Warring parents do pass on their pain
I sYMPaTHIse greatly with Kate spicer (Femail), who wondered if the trauma of her parents divorcing when she was six affected her relationships. I was seven when, one afternoon,
— I was waiting at the school gates to be collected and no one arrived. after what seemed like an age, a lady I didn’t know pulled up in a car and said: ‘Don’t worry Philip, your mummy will be here soon.’ I was expecting to be collected by my father, who was going to take me to buy a scooter. My mother arrived soon afterwards and took me and my older sister off to live in a flat, in a house full of people I didn’t know. It was the start of years of being piggy-in-the-middle of their rows and hearing each of my parents blame the other; they seemed so wrapped up in hatred, they had forgotten they were supposed to be bringing up a little boy. I saw my father once a fortnight but he was often preoccupied and we did nothing more exciting than his grocery shopping. He could never really talk to me about what I enjoyed or wanted. For as long as I could remember, there had been problems between my parents: tears, shouting, slammed doors. when I was younger, I had been partly brought up by an elderly aunt; my parents didn’t seem quite able to cope with both my sister and me. at 11, I was sent to boarding school. I suspect my mother had been told by interfering people at the church that it would be good for me, but it just made matters worse. I lost touch with the friends I’d had from primary school, and only communicated with my father by letter. I pleaded to go to a ‘normal’ school but to no avail. There was something about the place that wasn’t right; it was another 45 years before my former house tutor was convicted of assaults on boys. I’d avoided his attentions but there was plenty of unpleasantness around. when I reached the age I wanted to start relationships, I was not in a good place. I had no experience of seeing others happy; my father seemed to encourage me to show off, so that was what I did. I was never relaxed.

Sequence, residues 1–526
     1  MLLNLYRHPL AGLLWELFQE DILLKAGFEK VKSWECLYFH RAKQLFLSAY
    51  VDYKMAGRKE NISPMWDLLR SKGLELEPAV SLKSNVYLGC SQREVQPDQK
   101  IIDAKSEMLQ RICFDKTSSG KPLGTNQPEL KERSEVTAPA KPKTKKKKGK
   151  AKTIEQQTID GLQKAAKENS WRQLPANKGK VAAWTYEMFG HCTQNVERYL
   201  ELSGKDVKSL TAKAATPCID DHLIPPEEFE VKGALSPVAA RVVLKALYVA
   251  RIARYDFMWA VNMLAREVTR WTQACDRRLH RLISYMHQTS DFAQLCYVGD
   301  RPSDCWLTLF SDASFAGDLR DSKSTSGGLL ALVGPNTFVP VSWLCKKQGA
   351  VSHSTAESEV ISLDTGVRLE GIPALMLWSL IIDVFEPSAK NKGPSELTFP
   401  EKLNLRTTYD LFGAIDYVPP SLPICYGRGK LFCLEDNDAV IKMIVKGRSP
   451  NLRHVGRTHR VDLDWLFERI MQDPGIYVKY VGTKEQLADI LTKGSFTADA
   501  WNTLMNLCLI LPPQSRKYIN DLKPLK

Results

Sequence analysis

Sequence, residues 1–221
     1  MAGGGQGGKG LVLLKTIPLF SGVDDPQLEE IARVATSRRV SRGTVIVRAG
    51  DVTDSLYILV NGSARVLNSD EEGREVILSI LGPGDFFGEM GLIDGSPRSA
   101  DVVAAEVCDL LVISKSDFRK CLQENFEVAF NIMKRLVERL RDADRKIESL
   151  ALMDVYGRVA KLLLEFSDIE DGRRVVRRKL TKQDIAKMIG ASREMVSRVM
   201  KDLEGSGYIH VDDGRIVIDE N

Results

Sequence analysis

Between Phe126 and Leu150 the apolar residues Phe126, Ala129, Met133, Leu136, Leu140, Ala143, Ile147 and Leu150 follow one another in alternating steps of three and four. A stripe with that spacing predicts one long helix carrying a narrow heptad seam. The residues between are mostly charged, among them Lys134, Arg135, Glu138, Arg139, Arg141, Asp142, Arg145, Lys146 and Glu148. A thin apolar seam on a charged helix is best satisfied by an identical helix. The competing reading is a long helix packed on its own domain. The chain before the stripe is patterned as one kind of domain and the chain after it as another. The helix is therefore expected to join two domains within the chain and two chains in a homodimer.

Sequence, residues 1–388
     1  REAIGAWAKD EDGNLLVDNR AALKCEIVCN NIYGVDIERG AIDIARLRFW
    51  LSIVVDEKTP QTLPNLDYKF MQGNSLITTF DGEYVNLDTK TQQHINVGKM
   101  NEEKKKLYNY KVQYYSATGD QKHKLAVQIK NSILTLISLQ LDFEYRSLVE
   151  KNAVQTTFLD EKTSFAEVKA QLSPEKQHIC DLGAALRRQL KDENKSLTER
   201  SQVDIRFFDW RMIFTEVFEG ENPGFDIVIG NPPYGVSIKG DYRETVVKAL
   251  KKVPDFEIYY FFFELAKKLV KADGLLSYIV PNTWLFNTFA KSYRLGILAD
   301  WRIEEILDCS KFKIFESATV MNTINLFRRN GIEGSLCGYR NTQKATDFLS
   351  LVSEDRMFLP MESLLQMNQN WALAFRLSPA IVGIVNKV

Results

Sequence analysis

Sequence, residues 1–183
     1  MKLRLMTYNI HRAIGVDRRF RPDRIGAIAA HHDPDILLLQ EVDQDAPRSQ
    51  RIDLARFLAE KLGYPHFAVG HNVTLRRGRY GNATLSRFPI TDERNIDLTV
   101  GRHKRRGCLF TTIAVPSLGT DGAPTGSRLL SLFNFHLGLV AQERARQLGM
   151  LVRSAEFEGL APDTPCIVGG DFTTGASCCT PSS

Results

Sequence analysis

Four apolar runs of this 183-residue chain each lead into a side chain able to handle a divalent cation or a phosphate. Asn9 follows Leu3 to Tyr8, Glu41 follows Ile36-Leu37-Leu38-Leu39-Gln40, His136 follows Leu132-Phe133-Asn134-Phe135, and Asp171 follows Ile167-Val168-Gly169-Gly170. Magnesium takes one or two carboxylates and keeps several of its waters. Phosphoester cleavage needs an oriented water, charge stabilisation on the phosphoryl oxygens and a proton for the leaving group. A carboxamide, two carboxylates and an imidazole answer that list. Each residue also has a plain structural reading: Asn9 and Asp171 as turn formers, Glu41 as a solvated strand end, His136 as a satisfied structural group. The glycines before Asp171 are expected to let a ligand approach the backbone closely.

I ended up in a disastrous marriage that, from the outset, I knew was unlikely to work. It wasn’t until I was in my 40s that I met someone who was clearly pleased to be with me and I had a three-year affair, followed by another short fling before meeting someone for whom I decided to leave my wife. I have no regrets. we have had 14 very happy years together.
People base their approach to relationships on those they have seen. If the only relationships you encounter are difficult, you will struggle to settle into a happy one. You may not even know what happiness is — and if that’s the case, you won’t know you haven’t got it. That’s a sure formula for not being able to settle down with someone. admitting you have had problems in relationships is nothing to be ashamed of; your family’s failings are not your fault. and people who say you shouldn’t have affairs are missing the point. If I hadn’t had that first affair, I would still be in an unhappy, abusive marriage. I might well not even have coped enough to survive to now.
P. ButtoN, Biggleswade, Beds. KaTe sPICer’s article had me on the verge of tears, as it resonated so much with the problems my stepdaughters have had to go through. Very, very thought-provoking and sad.
Newton abbot, s. devon.